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Smallholders' use of Bt-cotton under unfavourable context: lessons from South Africa

Listed author(s):
  • Michel Fok


    (SCA - Systèmes de cultures annuelles - CIRAD - Centre de Coopération Internationale en Recherche Agronomique pour le Développement)

  • Marnus Gouse


    (Department of Agricultural Economics, Extension and Rural Development - University of Pretoria [South Africa])

  • Jean-Luc Hofs


    (SCA - Systèmes de cultures annuelles - CIRAD - Centre de Coopération Internationale en Recherche Agronomique pour le Développement)

  • Johann Kirsten


    (Department of Agricultural Economics, Extension and Rural Development - University of Pretoria [South Africa])

The bulk of the South African cotton crop is produced by large scale commercial farmers. Therefore it might be misleading to present South Africa's impressive Genetically Modified Cotton (GMC) adoption figures as evidence of successful GMC use by smallholder farmers. The total South African cotton area and number of farmers decreased drastically since the introduction of GMC and this causes observers to question the so-called success story of GMC in South Africa. Nevertheless, the smallholders' commitment in using Bt-cotton has been real and still is. Several assessment studies have demonstrated how profitable the adoption of Bt-cotton could be, but they did not take into account the local context of agriculture. The study we have implemented during the 2002/03 cropping season took place in a year of erratic rainfalls and when the institutional framework of cotton production has furthermore evolved negatively. Our study hence provides additional information on the adoption of Bt-cotton when context turns to become unfavourable. In this case, the mere access to cotton production is restrained to a limited number of producers; the cotton production becomes financially more risky while the profitability of using Bt-cotton is nullified. The South African cotton sector struggles in an unstable production and market environment and smallholders, with limited resources and limited production, managerial and marketing capacity and choice, suffer most. Technology introduction on its own cannot sustainably increase production; factors like institutional arrangements play a vital role. This reminds us that rain-fed agriculture remains sensitive to climatic hazards and that new technology adoption under these conditions might increase financial risk associated with cotton production.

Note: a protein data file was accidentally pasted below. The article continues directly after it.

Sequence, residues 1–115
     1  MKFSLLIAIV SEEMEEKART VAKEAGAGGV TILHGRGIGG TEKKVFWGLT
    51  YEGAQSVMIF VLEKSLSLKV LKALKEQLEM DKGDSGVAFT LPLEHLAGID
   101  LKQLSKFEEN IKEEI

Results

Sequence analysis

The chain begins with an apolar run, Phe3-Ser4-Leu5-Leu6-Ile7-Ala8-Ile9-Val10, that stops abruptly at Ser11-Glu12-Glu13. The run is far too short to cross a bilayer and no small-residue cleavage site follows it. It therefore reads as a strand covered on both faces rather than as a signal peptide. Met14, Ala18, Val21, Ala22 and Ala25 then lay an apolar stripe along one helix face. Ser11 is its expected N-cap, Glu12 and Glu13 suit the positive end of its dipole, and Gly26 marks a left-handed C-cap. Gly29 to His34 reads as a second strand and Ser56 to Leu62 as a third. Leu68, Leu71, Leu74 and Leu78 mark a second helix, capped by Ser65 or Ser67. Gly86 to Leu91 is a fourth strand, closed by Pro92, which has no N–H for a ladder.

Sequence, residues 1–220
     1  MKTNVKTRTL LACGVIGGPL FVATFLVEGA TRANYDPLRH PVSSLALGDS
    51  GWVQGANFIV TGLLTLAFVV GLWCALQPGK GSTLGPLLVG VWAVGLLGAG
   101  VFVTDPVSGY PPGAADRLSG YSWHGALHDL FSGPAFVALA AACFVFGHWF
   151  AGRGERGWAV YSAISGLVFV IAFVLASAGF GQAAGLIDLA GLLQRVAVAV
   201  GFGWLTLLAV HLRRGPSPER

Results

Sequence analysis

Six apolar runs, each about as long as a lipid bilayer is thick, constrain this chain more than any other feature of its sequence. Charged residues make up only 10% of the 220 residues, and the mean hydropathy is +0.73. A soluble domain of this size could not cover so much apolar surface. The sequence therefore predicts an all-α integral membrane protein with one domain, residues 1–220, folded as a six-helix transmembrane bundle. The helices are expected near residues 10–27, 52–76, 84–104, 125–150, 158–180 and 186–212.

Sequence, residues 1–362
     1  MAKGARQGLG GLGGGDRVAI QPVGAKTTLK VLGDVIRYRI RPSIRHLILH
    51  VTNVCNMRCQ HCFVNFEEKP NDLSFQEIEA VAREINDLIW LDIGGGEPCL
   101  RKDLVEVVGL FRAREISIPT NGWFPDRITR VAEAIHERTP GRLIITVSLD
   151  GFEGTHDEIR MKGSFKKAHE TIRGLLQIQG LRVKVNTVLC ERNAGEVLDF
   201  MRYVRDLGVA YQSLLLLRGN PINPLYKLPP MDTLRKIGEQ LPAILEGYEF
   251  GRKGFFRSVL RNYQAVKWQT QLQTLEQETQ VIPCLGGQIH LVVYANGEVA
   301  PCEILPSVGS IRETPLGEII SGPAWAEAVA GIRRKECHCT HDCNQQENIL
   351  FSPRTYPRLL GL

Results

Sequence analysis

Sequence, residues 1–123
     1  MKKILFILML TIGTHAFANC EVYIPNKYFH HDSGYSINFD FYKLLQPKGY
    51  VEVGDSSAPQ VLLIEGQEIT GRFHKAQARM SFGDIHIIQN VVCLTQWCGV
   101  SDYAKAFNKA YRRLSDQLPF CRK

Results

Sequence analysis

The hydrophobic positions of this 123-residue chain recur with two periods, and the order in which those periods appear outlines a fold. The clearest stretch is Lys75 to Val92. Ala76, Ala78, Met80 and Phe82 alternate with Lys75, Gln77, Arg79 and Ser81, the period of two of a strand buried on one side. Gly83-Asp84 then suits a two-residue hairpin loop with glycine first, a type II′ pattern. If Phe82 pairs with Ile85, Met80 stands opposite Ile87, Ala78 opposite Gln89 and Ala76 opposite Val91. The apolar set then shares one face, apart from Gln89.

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Paper provided by HAL in its series Post-Print with number halshs-00324376.

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Date of creation: 08 Jan 2008
Publication status: Published in Cotton Beltwide Conferences, Nashville, Tennessee (USA), 8-11/01/2008, Jan 2008, Nashville, United States
Handle: RePEc:hal:journl:halshs-00324376
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